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Definition to extend — especially the swelling outward of a part of the body; e.g., the stomach
  • One method of declawing is to severe the tendon that allows the claws to distend.
distend = extend
  • She remembered the distended bellies of the starving cows.
  • distended = swollen
  • The surgeon uses irrigation fluid to distend the joint to create room to operate.
  • distend = extend
  • During laparoscopy carbon dioxide gas is injected into the abdominal cavity to distend it so that organs can be viewed more easily.
  • distend = extend
  • "Han," rasped Theresa then, eyes wide.
    Helen froze.
    The moment distended.
    [when Theresa awakened at the hospital]
    Gish Jen  --  Typical American
  • distended = extended (seemed longer)
  • Other boys were appearing now, tiny tots some of them, brown, with the distended bellies of small savages.
    William Golding  --  Lord of the Flies
  • distended = swollen
  • ...the eyelids, now more closely welded to the eyeball, now distended;
    Albert Camus  --  The Plague
  • distended = extended or swollen
  • ...that's why she's distended like a summer gourd.
    Amy Tan  --  The Bonesetter's Daughter
  • distended = extended or swollen
  • "Give him air. He's fainted."
    The ring of onlookers distended and closed again elastically.
    James Joyce  --  Dubliners
  • distended = extended outward
  • He will soon begin to gorge his prey, and slowly but surely it will disappear down that distended maw!
    Johann Wyss  --  The Swiss Family Robinson
  • distended = extended or swollen
  • He was in trouble, his abdomen distended and his nose and ears hot.
    John Steinbeck  --  Travels with Charley
  • distended = swollen (sticking out)
  • As Scabior said it, Harry's scar, which was stretched tight across his distended forehead, burned savagely.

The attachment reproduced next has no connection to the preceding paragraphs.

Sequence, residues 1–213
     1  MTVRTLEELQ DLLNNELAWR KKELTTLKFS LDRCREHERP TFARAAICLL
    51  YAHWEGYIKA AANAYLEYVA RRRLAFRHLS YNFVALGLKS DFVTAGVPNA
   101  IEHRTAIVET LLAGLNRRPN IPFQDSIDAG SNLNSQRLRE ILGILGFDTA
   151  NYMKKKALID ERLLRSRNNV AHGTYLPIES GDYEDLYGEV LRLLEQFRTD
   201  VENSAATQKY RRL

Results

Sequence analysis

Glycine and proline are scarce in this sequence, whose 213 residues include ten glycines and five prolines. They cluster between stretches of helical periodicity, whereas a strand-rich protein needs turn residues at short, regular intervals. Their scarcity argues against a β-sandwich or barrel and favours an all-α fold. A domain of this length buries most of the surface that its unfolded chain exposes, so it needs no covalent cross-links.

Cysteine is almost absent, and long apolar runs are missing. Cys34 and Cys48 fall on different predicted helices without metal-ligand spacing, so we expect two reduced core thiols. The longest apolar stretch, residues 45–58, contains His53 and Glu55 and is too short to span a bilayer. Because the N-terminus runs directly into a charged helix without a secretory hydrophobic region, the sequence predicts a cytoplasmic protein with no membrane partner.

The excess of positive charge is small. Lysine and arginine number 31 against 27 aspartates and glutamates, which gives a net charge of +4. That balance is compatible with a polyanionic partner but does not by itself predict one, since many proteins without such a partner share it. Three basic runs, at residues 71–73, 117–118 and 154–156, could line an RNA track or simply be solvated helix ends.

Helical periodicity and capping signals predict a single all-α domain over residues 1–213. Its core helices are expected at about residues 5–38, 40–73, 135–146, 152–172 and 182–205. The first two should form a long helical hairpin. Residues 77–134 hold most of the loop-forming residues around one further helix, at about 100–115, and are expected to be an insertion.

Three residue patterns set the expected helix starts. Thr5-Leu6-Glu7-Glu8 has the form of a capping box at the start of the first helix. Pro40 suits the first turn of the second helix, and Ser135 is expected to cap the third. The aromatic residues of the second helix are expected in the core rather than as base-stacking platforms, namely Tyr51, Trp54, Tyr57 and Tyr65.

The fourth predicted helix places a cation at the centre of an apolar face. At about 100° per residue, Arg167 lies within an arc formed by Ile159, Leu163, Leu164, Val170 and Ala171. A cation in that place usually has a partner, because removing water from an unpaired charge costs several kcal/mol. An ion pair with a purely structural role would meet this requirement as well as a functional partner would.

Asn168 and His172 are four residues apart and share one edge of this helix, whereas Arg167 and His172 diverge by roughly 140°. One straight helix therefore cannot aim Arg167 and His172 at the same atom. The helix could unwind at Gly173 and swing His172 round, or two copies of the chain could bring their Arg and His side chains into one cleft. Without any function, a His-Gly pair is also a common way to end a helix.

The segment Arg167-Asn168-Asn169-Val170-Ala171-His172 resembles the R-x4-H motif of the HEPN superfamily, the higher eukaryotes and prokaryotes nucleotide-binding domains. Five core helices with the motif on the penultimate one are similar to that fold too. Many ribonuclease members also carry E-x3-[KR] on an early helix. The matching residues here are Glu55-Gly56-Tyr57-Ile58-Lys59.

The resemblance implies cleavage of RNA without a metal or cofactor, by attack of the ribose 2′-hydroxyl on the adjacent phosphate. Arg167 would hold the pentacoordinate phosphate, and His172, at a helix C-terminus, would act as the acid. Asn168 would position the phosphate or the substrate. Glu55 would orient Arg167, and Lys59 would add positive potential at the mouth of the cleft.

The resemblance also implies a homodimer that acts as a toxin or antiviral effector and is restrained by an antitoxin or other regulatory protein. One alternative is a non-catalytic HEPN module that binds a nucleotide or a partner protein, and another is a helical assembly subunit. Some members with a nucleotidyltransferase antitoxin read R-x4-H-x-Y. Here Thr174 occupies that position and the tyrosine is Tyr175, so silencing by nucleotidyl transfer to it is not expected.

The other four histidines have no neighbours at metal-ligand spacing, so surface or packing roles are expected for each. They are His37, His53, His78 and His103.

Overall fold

J.K. Rowling  --  Harry Potter and the Deathly Hallows
  • distended = extended or swollen
  • He felt her belly, not through the shirt but under it, his fingertips cold and rough like bark on her distended skin.
    Khaled Hosseini  --  A Thousand Splendid Suns
  • distended = sticking out (extended or swollen)
  • Dan used the steak knives, darning needles, hair curlers, and nylon line, all properly sterilized, and removed an appendix distended and near to bursting.
    Pat Frank  --  Alas, Babylon
  • distended = extended or swollen
  • the dusty, heavily distended, black-tarred wineskin that hung neck down from the wall
    Ernest Hemingway  --  For Whom the Bell Tolls
  • distended = extended (swollen outward)
  • She chewed quietly and steadily; at regular intervals a small distension passed smoothly down her throat.
    William Faulkner  --  The Sound and the Fury
  • distension = swelling
    (editor's note:  The suffix "-sion", converts a verb into a noun that denotes the action or result of the verb. Typically, there is a slight change in the ending of the root verb, as in admission from admit, discussion from discuss, and invasion from invade.)
  • Like a shark preparing to take bait, the goblin's jaws distended.
    Henry H. Neff  --  The Maelstrom
  • distended = extended
  • He stood on the distended belly of the mule for a platform and made gestures.
    Zora Neale Hurston  --  Their Eyes Were Watching God
  • distended = extended outward
  • She was misshapen; her belly, tight and heavy and distended, made it impossible for her to stand without supporting herself with her hands.
    John Steinbeck  --  East of Eden
  • distended = extended or swollen
  • In Cite Soleil, where people live in huts the size of outhouses with sewage creeping between their toes, a boy with a distended belly sits with the flies.
    Rick Bragg  --  All Over but the Shoutin'
distended = swollen

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